It's been a few weeks now and I think I've figured it out: Either he's too young or I'm too old. Or both.

I am convinced Jason -- at the ripe old age of 30 -- is still too close to his past to get a really meaningful perspective on it. He almost gets there a few times, but overall the project is missing some crucial things; time, distance, and another couple hundred whacks upside the head by the Baseball Bat of Life. Even another ten years would have helped. Twenty probably would have been perfect.

As for me being too old (yeah, I'm 50) I'm thinking I'm too old to appreciate Jason's limited perspective on his youth. He's still too close to it to have gained the insight necessary to give the stories their full measure of... ridiculousness.

Also, I am not sure if he really did bang this thing out right at the deadline as he said, but it did kind of read like it. Another couple of drafts (of the book, not beers) might also have helped.

So even though this book just didn't get me there, I think he's funny as hell and I hope he tries again in a couple of decades.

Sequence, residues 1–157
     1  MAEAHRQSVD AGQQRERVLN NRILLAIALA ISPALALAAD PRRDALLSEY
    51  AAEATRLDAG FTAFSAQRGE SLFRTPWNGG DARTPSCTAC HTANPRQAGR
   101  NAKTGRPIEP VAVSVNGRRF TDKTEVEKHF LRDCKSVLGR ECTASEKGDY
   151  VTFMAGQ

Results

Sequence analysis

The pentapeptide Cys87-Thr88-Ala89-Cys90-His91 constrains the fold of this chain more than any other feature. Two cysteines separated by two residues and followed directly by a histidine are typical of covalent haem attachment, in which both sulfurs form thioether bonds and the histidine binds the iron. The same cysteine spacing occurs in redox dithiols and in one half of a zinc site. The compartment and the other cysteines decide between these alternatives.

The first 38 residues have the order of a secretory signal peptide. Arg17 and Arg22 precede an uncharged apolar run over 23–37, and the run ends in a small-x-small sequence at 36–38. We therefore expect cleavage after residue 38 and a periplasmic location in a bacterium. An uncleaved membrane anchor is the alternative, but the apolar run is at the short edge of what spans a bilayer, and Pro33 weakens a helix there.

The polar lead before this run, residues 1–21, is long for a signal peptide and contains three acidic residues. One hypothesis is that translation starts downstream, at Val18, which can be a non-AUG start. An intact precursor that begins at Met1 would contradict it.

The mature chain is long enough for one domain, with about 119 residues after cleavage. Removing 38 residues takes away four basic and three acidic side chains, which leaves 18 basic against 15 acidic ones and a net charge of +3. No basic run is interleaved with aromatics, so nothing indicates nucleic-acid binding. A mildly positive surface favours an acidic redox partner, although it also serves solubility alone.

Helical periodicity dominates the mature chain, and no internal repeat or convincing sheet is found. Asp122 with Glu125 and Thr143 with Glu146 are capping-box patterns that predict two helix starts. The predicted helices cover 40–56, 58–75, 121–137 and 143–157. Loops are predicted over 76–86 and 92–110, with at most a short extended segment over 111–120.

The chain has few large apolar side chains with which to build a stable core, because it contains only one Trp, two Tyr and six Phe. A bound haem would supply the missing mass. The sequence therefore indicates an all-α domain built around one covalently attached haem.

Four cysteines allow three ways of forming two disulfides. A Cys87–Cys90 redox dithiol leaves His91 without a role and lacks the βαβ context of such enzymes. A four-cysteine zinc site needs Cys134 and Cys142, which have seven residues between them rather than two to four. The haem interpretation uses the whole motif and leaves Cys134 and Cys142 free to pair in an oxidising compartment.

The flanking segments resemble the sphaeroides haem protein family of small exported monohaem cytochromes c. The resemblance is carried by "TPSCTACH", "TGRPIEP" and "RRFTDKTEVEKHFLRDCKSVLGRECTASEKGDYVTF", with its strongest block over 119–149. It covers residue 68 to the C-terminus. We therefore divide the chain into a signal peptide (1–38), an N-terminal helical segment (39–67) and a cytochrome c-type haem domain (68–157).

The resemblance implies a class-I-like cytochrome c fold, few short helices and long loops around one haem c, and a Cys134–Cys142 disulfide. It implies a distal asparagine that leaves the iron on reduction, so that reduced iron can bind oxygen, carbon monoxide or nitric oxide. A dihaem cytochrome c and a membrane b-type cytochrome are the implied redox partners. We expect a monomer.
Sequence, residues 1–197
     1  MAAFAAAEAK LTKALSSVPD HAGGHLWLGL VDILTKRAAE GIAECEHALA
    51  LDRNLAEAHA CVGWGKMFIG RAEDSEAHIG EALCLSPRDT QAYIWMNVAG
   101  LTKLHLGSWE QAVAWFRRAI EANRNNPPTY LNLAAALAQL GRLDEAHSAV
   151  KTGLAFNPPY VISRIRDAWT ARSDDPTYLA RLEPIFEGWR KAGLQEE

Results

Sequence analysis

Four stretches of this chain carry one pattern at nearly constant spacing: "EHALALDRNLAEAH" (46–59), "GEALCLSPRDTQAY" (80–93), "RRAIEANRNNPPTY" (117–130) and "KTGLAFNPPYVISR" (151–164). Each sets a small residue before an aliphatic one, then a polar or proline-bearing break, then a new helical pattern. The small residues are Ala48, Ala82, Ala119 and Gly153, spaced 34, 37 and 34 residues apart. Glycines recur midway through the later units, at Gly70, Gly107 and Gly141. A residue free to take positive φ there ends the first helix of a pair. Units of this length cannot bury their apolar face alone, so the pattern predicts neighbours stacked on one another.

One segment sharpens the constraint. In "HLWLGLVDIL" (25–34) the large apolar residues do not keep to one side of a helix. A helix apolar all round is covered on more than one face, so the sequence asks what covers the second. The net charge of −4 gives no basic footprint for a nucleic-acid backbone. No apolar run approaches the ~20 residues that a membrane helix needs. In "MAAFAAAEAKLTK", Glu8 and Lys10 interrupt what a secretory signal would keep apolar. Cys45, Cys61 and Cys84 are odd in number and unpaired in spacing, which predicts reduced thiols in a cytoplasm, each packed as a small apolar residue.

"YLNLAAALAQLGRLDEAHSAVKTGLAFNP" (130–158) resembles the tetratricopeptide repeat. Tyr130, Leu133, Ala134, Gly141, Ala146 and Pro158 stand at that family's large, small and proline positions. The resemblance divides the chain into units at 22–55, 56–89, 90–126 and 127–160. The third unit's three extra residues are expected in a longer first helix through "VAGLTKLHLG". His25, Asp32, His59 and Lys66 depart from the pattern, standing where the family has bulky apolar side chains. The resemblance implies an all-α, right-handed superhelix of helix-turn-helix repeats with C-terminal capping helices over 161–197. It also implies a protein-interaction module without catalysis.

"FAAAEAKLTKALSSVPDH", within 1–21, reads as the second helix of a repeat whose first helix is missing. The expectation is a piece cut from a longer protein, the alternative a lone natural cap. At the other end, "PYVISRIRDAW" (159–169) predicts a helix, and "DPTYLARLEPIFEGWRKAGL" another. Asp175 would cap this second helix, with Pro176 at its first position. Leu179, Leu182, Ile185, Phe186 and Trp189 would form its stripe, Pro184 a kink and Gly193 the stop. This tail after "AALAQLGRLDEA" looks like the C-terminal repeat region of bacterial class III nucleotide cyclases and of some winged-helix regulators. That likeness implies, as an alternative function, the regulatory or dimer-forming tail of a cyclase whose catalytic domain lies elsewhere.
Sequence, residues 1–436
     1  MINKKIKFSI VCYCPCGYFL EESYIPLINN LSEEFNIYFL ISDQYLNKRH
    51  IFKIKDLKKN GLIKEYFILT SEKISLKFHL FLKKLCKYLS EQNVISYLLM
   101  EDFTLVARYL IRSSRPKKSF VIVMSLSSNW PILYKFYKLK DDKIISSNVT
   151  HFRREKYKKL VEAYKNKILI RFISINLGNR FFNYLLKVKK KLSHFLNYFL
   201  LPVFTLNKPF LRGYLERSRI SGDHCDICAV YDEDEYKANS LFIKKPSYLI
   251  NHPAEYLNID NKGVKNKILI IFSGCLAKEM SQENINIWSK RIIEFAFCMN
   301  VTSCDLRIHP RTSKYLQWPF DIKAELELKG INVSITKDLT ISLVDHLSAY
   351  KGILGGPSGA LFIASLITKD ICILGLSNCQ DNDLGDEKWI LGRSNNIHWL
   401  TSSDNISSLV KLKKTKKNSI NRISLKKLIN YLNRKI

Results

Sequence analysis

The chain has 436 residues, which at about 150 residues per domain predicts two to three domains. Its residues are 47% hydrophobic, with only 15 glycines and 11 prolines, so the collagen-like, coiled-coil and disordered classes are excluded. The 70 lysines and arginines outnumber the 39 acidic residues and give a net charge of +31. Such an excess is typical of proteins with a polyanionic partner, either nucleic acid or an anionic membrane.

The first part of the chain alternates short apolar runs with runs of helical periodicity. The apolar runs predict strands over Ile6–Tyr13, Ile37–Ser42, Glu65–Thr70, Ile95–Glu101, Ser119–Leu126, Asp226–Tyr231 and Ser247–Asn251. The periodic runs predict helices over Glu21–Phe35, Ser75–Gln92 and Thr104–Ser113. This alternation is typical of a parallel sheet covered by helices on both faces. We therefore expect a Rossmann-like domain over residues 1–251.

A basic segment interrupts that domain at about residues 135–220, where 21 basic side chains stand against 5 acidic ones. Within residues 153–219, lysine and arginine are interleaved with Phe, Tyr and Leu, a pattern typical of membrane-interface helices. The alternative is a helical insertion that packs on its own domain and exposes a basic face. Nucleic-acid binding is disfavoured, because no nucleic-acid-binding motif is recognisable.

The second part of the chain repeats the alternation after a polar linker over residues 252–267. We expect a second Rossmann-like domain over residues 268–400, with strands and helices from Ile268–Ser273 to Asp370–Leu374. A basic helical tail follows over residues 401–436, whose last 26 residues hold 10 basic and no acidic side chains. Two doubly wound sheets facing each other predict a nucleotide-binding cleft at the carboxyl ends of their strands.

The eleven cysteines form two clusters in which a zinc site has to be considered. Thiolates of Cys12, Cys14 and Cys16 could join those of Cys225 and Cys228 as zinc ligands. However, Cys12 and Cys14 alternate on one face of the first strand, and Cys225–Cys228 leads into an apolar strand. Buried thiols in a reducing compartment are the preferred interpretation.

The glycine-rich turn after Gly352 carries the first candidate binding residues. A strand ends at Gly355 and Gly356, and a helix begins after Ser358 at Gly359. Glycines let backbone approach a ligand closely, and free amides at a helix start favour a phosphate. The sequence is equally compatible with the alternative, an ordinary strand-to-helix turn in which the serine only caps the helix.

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10 of 12 people found the following review helpful By Reluctant Hater on December 28, 2011
Format: Paperback
...but it was just a giant, stinking literary turd. Having really enjoyed Jason's blog in the past, I bought this book as a gift for my husband, who deemed it "unreadable" after the first two chapters. I wish I had given up so quickly myself, because I now mourn those hours of my life that I can never get back. Clearly the author does not realize that the primary (and let's face it, only) appeal of his blog is the poop/excessive drinking/micropenis jokes, which are scarce in the book. Jason Mulgrew tells a mean small bird joke, but he is otherwise just a terrible writer. His attempts to write with insight about religion, class, family, etc. just fall flat. Truly, this is the worst book I have read without "Sweet Valley" in the title.
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2 of 2 people found the following review helpful By A. J. Robison on May 17, 2010
Format: Paperback
I've been a fan of Mulgrew's blog for a number of years. In spite of his promises to the contrary, I bought this book expecting a rehash of his best ideas and stories from the blog. I was pleasantly surprised to find the only holdover from the blog to be the style, as all the material was new (at least to me). Though it was a relatively quick read, I found it densly packed with humor, and laughed out loud often throughtout the book. If you like the blog, the book is very much worth the money (it's cheap!) and time (you'll breeze through it and finish wanting more).